When Jack Kerouac wrote On the Road, Stacy Conradt tells us at at Mental Floss, he was really writing about his own cross-country exploits with his Beat Generation buddies.
Neal Cassady, left, with Jack Kerouac in 1952. Photograph by Carolyn Cassady.
For example, the selfish Dean Moriarty represents Neal Cassady, close pal of Kerouac, Allen Ginsberg, and Ken Kesey.
But that’s not the only character Cassady inspired: Kesey, Hunter S. Thompson, and Tom Wolfe all took inspiration from Cassady.
Similarly, as a neighbor of the Alcott family in Concord, Mass., Elizabeth Hoar served as the model for Beth March in Little Women.
Hoar was also good friends with Henry David Thoreau and Ralph Waldo Emerson, who liked to call her “Elizabeth the wise.”
51 Delightfully Geeky Language Facts
At BuzzFeed, Ailbhe Malone has collected some rather amazing language factoids. For example, he tells us that in Japan…
Four (shi) and nine (ku) are considered unlucky numbers, because the words sound the same as those for ‘death’ and ‘pain or worry’.
And because of this, some hospitals don’t have room numbers 4, 9, 14, 19 or 42. Forty-two (‘shi-ni’) means ‘to die’, 420 (‘shi-ni-rei’) means ‘a dead spirit’ and 24 (‘ni-shi’) is double death.
And then there is this fascinating curse:
“Así te tragues un pavo y todas las plumas se conviertan en cuchillas de afeitar” is a Spanish curse, meaning ‘may all your turkey’s feathers turn into razor blades’.
The Romance of Beginnings
There’s nothing like that first moment when a writer has a new idea for a story or a novel. It’s like falling in love, when the object of our infatuation has no faults, no complications, only endless and enchanting possibilities. Character, setting, plot . . . they all glow with promise. The first lines flow, the first scene intrigues us, and visions of success draw us into this new project.
It’s been said that being in love is no assurance of happiness in a marriage, but that attempting marriage without it is a doomed effort. There’s a strong analogy with a fictional concept. Those first pages are easy. The work begins when we try to make a cohesive whole, building a good strong fire out of the spark of imagination that got us started.
How to Write a Believable Happy Ending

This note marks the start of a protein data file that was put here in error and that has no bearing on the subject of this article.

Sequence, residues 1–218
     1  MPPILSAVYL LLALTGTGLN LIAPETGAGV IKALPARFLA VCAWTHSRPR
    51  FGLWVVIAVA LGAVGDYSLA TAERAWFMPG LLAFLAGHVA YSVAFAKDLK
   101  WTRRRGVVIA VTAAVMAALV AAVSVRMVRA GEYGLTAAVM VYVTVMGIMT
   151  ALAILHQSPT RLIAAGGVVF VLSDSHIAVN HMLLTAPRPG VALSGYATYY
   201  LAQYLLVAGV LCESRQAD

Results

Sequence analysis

As author Ted Thompson learned from John Cheever, a redemptive resolution doesn’t erase the darkness of a story, but instead finds the light within it, Joe Fassler writes in The Atlantic.
Happy endings are famously rare in literature. We turn to great books for emotional and ethical complexity, and broad-scale resolution cheats our sense of what real life is like. Because complex problems rarely resolve completely, the best books tend to haunt and unnerve readers even as they edify and entertain.
Writing a happy ending that feels meaningful is probably one of the hardest tricks in literature. There’s a lot of comedy out there (particularly in movies and television) that follows that ancient structure of the world falling apart and then being put back together again, but so much of it feels like, okay, those problems were solved and now I can forget about them. You don’t want a literary story to have that effect—you want it to have a resonance with the reader beyond the last page, and I feel like it’s a lot easier to do with tragedy than comedy.
15 Breathtaking Illustrations Of Fairy Tales From The 1920s
Long, long ago, things were really beautiful, Ariane Lange tells us at at BuzzFeed, and has collected some wonderful examples.
A happy ending was just behind the brilliantly green curtains.\
Quote of the Day
“Honesty is what you do when no one could ever find out; nobility is what you do when no one can stop you; bravery is what you do when there is a choice; goodness is what you do when the recipient can’t do anything useful for you.” ~ C. J. Cherryh
Comments welcome. What do you think?